Around The Country, Republicans Embrace Locking Up Their Electoral Opponents

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In congressional races around the U.S., Republican candidates are mimicking President Trump's authoritarianism.

In congressional races across the United States, Republican candidates are sounding more and more like President Donald Trump -- from calls for jailing “Crooked Hillary” to complaints of a “rigged system” and “fake news”.

And the Republican base is eating it up, increasingly satisfied by Trumpism in ways with which traditional conservative policies -- tax cuts, small government, et cetera -- simply can’t compete.

What does that mean for American democracy? Are Republicans sliding further down the spectrum toward authoritarianism?

The Washington Post’s Greg Sargent offers an observation:

Around the country, Republicans embroiled in tough primaries are increasingly emulating President Trump — by echoing his xenophobia, his veiled racist appeals, his attacks on the news media, and even occasionally his calls for imprisoning his political opponents.

Meanwhile, all indications are that Trump is heading for a serious confrontation with special counsel Robert S. Mueller III or Deputy Attorney General Rod J. Rosenstein over the Russia investigation.

So how long until multiple GOP primary candidates begin seriously running on the message that the Mueller probe is part of an illegitimate Deep State coup that justifies Trump shutting it down by any means necessary — that is, on a message of unabashed authoritarianism?

Sargent offers a short list of examples:

  • The GOP Senate candidate in Tennessee ran an ad that promises to stand with Trump “every step of the way to build that wall,” and even echoes Trump’s attacks on African American football players protesting systemic racism and police brutality: “I stand when the president walks in the room. And yes, I stand when I hear ‘The Star-Spangled Banner.'”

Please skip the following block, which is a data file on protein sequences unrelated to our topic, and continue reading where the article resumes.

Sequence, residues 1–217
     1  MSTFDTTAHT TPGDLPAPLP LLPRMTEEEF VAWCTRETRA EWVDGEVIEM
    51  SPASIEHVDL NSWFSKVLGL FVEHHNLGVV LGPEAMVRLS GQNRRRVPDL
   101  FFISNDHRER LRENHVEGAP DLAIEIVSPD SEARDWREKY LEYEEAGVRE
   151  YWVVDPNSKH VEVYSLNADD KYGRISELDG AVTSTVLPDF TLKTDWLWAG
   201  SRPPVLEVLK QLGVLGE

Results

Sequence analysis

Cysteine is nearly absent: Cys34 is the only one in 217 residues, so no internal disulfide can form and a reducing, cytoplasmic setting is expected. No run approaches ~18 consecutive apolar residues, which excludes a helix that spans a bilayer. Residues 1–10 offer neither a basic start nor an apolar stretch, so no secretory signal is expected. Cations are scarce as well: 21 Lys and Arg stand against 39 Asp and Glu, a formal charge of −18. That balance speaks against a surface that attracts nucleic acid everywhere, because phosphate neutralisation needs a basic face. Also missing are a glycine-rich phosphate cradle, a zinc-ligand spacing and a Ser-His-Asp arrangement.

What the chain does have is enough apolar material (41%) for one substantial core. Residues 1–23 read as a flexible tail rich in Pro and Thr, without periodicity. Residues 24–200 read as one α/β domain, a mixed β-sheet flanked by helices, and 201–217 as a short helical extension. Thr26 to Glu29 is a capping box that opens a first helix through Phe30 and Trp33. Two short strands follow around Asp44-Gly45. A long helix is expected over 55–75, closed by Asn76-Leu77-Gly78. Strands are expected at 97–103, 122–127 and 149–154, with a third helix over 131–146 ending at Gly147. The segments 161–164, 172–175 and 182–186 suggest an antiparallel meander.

• in the Indiana Senate GOP primary, Mike Braun, the candidate who is most vocally emphasizing Trump’s messages — on trade, the Washington “swamp” and “amnesty” — appears to be gaining the advantage. Braun’s ads basically recast true conservatism as Trumpism in its incarnation as populist anti-establishment ethno-nationalism.
  • As the Indianapolis Star recently reported, one of the Indiana GOP Senate candidates has bashed “Crooked Hillary Clinton,” and all three have cast aspersions on the Mueller probe. One called it a “fishing expedition,” and another claimed: “Nothing’s been turned up except that Hillary Clinton is the real guilty party here.”

As the numerous exits of congressional Republicans seem to show, the GOP establishment looks to be losing its grip on voters as Trumpism takes center stage.

And this bodes well for neither the Republican party nor the American people at large:

What happens if Trump fires Rosenstein or makes a serious effort to remove Mueller? It is not hard to envision many GOP candidates siding with Trump as a way to energize Republican voters, thus further rallying them against the investigation and making it even less likely that GOP lawmakers intervene. In other words, the GOP’s slide into authoritarianism could get a whole lot worse.